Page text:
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NASA Will Upload Images Of Earth From Space Every Day

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Tom Hale

author

Tom Hale

Senior Journalist

Tom is a writer in London with a Master's degree in Journalism whose editorial work covers anything from health and the environment to technology and archaeology.

Senior Journalist

NASA

The Internet and NASA's seemingly endless stream of mind-blowing content are a match made in heaven. As part of their unending honeymoon period, NASA is going to post at least 12 images of Earth from space to their new website every single day.

“Each daily sequence of images will show the Earth as it rotates, thus revealing the whole globe over the course of a day,” NASA said on its website. NASA’s Earth Polychromatic Imaging Camera (EPIC) will take the pictures and, within 12 to 36 hours, they will be uploaded to the site, where they will be archived.

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EPIC will take the images of Earth's sunlit face over a million miles away on the Deep Space Climate Observatory (DSCOVR). The program is a collaboration between NASA, the National Oceanic and Atmospheric Administration (NOAA) and the U.S. Air Force to monitor solar winds and provide space weather alerts. The images will be used by scientists to measure ozone levels, aerosol levels, cloud heights and volcanic ash.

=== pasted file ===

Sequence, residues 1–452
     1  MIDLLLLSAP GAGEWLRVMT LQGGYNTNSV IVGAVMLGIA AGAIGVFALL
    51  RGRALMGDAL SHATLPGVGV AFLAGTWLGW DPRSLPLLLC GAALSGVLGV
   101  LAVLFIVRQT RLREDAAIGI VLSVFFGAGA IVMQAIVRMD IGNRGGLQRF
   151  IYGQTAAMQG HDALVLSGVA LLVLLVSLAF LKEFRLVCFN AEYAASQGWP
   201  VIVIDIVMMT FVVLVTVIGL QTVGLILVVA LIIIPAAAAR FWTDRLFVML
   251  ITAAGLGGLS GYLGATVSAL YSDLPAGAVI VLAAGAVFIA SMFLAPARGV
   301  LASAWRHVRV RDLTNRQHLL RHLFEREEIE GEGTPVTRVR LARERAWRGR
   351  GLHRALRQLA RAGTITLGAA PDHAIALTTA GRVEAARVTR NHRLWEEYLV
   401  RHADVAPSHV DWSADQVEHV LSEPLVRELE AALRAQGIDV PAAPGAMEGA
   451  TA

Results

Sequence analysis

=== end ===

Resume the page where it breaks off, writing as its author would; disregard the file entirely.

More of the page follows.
EPIC is a four megapixel CCD camera and telescope that can measure in the ultraviolet, near-infrared and visible areas of the light spectrum. The color images of Earth are created by combining three single-color images – red, green and blue – to create a photograph with the quality of a 12-megapixel camera. Each image will be about 3 megabytes in size.


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